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Newswise: Americans Divided on Whether Businesses Have Right to Deny Service to Same-Sex Couples
Released: 20-Dec-2017 3:05 PM EST
Americans Divided on Whether Businesses Have Right to Deny Service to Same-Sex Couples
Indiana University

Americans are evenly divided on whether a business should be able to deny service to same-sex couples, according to a study by Indiana University Bloomington sociologists. It is the first national survey to use an experimental approach to examine views on refusing service to sexual minorities.

Released: 13-Dec-2017 12:20 PM EST
How Much People Earn Is Associated with How They Experience Happiness
American Psychological Association (APA)

People who earn more money tend to experience more positive emotions focused on themselves, while people who earn less take greater pleasure in their relationships and ability to connect with others, according to research published by the American Psychological Association.

Newswise: UT Austin Professors Discover Copy of Jesus’ Secret Revelations to His Brother
Released: 30-Nov-2017 11:05 AM EST
UT Austin Professors Discover Copy of Jesus’ Secret Revelations to His Brother
University of Texas at Austin (UT Austin)

The first-known original Greek copy of a heretical Christian writing describing Jesus’ secret teachings to his brother James has been discovered at Oxford University by biblical scholars at The University of Texas at Austin.

Newswise: Combinations of Certain Personality Traits May Guard Against Depression and Anxiety
Released: 29-Nov-2017 11:05 AM EST
Combinations of Certain Personality Traits May Guard Against Depression and Anxiety
University at Buffalo

People showing high levels of extraversion and conscientiousness may have protection against depression and anxiety, according to the results of a new study by a team of University at Buffalo psychologists.

Newswise: White Male Gun Owners Who Have Felt Economic Stress Are More Likely to Feel Morally and Emotionally Attached to Guns
Released: 27-Nov-2017 2:40 PM EST
White Male Gun Owners Who Have Felt Economic Stress Are More Likely to Feel Morally and Emotionally Attached to Guns
Baylor University

White male gun owners who have lost, or fear losing, their economic footing tend to feel morally and emotionally attached to their guns, according to a Baylor University study. This segment of the population also is most likely to say that violence against the U.S. government is sometimes justified.

Newswise: Study: Non-Fearful Social Withdrawal Linked Positively to Creativity
Released: 20-Nov-2017 4:05 PM EST
Study: Non-Fearful Social Withdrawal Linked Positively to Creativity
University at Buffalo

Everyone needs an occasional break, though spending too much time alone can be unhealthy and there is growing evidence that the psychosocial effects of too much solitude can last a lifetime. But newly published research by a University at Buffalo psychologist suggests that not all forms of social withdrawal are detrimental. In fact, the research findings published in the journal Personality and Individual Differences suggest that one form of social withdrawal, referred to as unsociability, is not only unrelated to negative outcomes, but linked positively to creativity.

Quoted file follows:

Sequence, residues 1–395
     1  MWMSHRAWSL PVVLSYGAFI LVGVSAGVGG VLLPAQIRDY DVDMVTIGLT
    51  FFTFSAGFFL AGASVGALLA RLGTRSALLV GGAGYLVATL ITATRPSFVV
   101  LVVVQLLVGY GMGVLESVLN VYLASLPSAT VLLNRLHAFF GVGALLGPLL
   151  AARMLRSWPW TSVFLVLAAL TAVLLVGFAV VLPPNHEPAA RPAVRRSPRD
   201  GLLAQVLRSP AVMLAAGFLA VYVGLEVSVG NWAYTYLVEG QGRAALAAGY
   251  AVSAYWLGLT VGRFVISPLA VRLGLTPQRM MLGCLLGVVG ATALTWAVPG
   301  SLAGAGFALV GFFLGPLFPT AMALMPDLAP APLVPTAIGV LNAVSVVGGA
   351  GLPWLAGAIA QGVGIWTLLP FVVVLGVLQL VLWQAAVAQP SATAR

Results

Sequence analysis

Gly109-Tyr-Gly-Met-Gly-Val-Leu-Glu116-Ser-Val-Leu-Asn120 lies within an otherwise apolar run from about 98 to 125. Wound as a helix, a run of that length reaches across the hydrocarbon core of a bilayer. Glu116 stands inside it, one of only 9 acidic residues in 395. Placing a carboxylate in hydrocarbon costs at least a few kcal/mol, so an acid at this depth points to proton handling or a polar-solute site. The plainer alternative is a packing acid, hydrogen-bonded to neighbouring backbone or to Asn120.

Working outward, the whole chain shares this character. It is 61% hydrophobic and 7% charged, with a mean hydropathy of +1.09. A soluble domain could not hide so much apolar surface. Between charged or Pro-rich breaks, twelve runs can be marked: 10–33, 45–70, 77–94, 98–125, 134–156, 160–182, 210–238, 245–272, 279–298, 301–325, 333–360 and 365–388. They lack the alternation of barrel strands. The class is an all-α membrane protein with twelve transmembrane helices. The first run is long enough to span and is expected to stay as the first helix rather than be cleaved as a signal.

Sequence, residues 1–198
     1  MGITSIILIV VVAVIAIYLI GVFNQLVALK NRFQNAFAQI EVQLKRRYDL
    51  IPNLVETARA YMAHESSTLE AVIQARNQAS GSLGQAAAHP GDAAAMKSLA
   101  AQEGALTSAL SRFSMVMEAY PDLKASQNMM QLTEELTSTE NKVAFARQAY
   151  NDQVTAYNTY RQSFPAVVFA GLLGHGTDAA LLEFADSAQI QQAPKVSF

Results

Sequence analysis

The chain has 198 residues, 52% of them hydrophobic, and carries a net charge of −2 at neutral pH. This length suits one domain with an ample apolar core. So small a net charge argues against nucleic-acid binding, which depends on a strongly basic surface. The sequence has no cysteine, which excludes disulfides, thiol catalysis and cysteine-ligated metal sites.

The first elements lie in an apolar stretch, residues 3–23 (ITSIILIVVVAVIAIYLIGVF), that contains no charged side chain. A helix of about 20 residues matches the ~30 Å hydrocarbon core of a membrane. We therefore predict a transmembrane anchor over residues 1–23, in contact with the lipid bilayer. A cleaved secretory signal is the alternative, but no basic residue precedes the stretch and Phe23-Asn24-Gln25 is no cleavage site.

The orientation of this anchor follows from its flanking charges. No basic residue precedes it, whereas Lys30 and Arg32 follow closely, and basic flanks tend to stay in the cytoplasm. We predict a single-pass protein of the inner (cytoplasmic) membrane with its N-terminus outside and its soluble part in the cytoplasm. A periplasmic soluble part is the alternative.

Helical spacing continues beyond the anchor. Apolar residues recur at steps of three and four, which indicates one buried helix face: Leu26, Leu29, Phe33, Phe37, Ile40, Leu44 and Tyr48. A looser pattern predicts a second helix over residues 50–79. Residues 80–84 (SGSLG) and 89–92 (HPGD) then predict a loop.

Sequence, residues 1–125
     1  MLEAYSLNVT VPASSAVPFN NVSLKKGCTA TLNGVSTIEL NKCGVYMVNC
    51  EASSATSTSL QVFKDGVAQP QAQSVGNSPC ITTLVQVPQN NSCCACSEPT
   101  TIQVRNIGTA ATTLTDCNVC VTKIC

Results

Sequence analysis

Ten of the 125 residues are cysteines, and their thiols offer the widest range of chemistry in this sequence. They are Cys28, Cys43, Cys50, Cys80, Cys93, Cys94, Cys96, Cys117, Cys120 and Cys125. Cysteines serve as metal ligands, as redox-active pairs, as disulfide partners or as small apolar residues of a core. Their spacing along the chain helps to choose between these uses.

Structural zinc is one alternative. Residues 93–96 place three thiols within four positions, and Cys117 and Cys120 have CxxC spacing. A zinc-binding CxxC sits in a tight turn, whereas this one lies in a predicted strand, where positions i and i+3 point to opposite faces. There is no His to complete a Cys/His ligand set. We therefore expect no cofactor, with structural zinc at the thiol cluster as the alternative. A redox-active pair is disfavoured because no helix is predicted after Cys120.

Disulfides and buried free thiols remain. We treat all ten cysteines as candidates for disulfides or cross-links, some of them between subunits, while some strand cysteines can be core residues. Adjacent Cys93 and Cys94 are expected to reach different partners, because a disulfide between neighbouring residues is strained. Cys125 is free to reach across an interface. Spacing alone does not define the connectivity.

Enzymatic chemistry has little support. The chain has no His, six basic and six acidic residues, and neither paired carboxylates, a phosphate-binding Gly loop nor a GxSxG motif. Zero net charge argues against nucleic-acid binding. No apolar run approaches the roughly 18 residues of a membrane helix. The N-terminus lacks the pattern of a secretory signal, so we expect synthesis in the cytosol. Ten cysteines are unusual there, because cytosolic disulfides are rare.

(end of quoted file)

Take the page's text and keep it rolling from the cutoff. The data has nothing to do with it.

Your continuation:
Newswise: High Cognitive Ability Not a Safeguard From Conspiracies, Paranormal Beliefs
Released: 13-Nov-2017 4:55 PM EST
High Cognitive Ability Not a Safeguard From Conspiracies, Paranormal Beliefs
University of Illinois at Chicago

A University of Illinois at Chicago social psychologist reports on two studies that examined why some people are inclined to believe in various conspiracies and paranormal phenomena.

Newswise: Measuring the Implicit Biases We May Not Even Be Aware Of
Released: 10-Nov-2017 12:55 PM EST
Measuring the Implicit Biases We May Not Even Be Aware Of
University of Florida

Two UF Psychology Professors Examine the Prejudices and Stereotypes That Contribute to Social Inequality and Discuss the Tests Social Scientists Apply to Measure the Implicit Bias People Tend to Harbor

Newswise: Is He Really That Into You?
Released: 8-Nov-2017 4:05 PM EST
Is He Really That Into You?
University of Utah

New research published in the Journal of Personality and Social Psychology finds that women who were reminded of a time that their dad was absent from their lives — or who actually experienced poor quality fathering while growing up — perceived greater mating intent in the described behaviors of a hypothetical male dating partner and when talking with a man. These women also “saw” more sexual arousal when viewing images of men’s faces.

Newswise: Workplace Health - The Silent Epidemic
Released: 31-Oct-2017 11:05 AM EDT
Workplace Health - The Silent Epidemic
Texas A&M University

Workplace incivility is taking over our organizations, professional relationships and everyday interactions. According to Dr. Jia Wang, associate professor of human resource development, understanding why incivility happens and how to address it starts with awareness.



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